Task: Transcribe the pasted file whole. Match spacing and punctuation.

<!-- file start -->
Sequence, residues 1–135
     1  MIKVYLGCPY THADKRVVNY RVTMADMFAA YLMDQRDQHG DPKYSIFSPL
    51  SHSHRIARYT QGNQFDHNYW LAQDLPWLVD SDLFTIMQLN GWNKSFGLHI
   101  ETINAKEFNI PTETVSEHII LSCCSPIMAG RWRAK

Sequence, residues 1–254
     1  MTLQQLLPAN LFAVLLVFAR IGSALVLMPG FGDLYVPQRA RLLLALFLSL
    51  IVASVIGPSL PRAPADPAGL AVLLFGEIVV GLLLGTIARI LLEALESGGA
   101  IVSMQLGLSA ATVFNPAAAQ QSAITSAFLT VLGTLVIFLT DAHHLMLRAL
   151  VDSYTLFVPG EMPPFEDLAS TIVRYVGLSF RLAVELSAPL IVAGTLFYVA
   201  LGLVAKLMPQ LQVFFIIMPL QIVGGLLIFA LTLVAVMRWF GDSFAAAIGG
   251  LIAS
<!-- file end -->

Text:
Sequence, residues 1–135
     1  MIKVYLGCPY THADKRVVNY RVTMADMFAA YLMDQRDQHG DPKYSIFSPL
    51  SHSHRIARYT QGNQFDHNYW LAQDLPWLVD SDLFTIMQLN GWNKSFGLHI
   101  ETINAKEFNI PTETVSEHII LSCCSPIMAG RWRAK

Sequence, residues 1–254
     1  MTLQQLLPAN LFAVLLVFAR IGSALVLMPG FGDLYVPQRA RLLLALFLSL
    51  IVASVIGPSL PRAPADPAGL AVLLFGEIVV GLLLGTIARI LLEALESGGA
   101  IVSMQLGLSA ATVFNPAAAQ QSAITSAFLT VLGTLVIFLT DAHHLMLRAL
   151  VDSYTLFVPG EMPPFEDLAS TIVRYVGLSF RLAVELSAPL IVAGTLFYVA
   201  LGLVAKLMPQ LQVFFIIMPL QIVGGLLIFA LTLVAVMRWF GDSFAAAIGG
   251  LIAS